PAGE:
“I feel like if I was a woman, I’d still be awesome and successful.” 

Ladies and gentleman, I introduce my husband, in all his well-meaning, oblivious glory. What could the problem with the patriarchy be? In the past, sure, when women were married off in exchange for livestock… that was bad. But now? Was it even really still a thing? There are female CEOs. There are historic numbers of women in government. There is room for awesome women to succeed. To his thinking, he— a man— is awesome and successful (and oh so modest), so if he were a woman that would still be true. Simple. 

I love those rose-colored glasses of his.

The thing is, there’s a kernel of truth in what he’s saying. He’s smart, talented, and the hardest working person I’ve ever known. He runs a company that he co-owns with his dad and brother. He side-hustles. He helps his friends start their own businesses, and then, just for kicks, he registers our dog to run for school board. (He’s also whimsical.) These qualities make him both awesome and successful, and being a woman wouldn’t change those qualities. It probably wouldn’t even change the results.

After all, I know lots of badass women. Not only are the women in my social circle smart, driven, funny, and really, really, really good looking (obviously), but the majority of my Pilates clients are women with successful careers. They have power. They have status. If they’ve been held back by their femaleness, it certainly doesn’t show. I work with doctors and lawyers. I work with Danya, a C-level executive, who just the day before my husband’s revelations came into the duo session she was to share with her childhood best friend, Sara, and curled up on the reformer as if she was crawling into bed. She propped her head on the shoulder block like a pillow and lamented. She’d had a tough meeting. This is COVID life.Miranda PriestlyEverything at work is more difficult than it was a year ago— for everybody and in all ways— but work still needs to be done. Deadlines need to be met. People needed to make decisions. They needed to answer her questions, and they needed to answer them yesterday. (She’s not Miranda Priestly, so those probably weren’t her exact words. I’m imagining.) Nobody likes hearing these things. Danya didn’t like saying those things, but she’s the boss. That’s her job.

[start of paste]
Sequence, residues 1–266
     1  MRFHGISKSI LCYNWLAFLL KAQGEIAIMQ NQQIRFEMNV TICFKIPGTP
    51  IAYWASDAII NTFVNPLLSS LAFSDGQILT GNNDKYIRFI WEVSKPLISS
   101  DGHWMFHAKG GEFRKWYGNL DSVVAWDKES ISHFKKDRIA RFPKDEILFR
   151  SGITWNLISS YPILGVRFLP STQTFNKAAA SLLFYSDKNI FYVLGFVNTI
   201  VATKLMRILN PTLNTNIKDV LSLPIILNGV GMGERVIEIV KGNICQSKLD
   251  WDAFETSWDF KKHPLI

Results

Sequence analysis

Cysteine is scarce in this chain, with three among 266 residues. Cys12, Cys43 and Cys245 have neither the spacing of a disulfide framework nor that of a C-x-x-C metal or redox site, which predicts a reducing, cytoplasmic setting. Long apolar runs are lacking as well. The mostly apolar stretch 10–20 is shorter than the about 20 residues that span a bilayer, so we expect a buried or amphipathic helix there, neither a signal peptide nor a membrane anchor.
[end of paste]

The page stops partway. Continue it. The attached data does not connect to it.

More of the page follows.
“They’re all thinking I’m a bitch right now,” she said. “I just know it.” 

“If you were a man, nobody would be thinking that,” Sara said. 

“You’re the boss. If you weren’t willing to call people out and say those hard things, you would never have gotten the job. You had to call it out,” I said.

“I just hate that I’m even thinking about it, you know?” 

And that is what would be different if my husband was a woman. He’d be thinking about it. When he’s at work, he only cares about the work. As long as it doesn’t impact their ability to do what needs doing, his staff’s opinion of him is irrelevant. That’s a freedom that he enjoys, in part, because of his gender. He’s comfortable being completely himself at all times. He’s willing to be honest, no matter what, regardless of the response. He’ll tell me he doesn’t “get” the patriarchy. He’ll tell an employee who has failed to meet expectations that they need to step up their game, and then he gets back to work. It’s not personal; it’s business. Feelings aren’t a factor for him. Not when there’s a job to be done. If he were a woman, he would say what needed to be said and then be held responsible for the soothing wounded egos. 

Women are told to smile. They’re told to be nice. When women lead a meeting, sometimes people leave that meeting and call her a bitch. Even if what she’s saying is no different than what a man might say. Even if she was completely calm. It’s directness that makes a woman a bitch. And if she actually lost her temper? A crazy bitch. Meanwhile, men are straight shooters. They’re dedicated. They’re passionate. These impressions are obviously not reality. Most people would say they don’t even actually believe them. But then… the thought is always still there. We live in a world where women are CEOs and COOs and Presidents and Founders, but we haven’t reached a place where it’s not notable that these women are women. We haven’t reached a place where women who succeed don’t wonder if people look at them and think that that success makes them (quelle horreur!) unlikable. 

Tony tried to understand all this when I explained. He really listened, bless him. He did his best, but these different expectations for men and women are both ever-present and almost invisible. Try as he might to understand, we live in different worlds.

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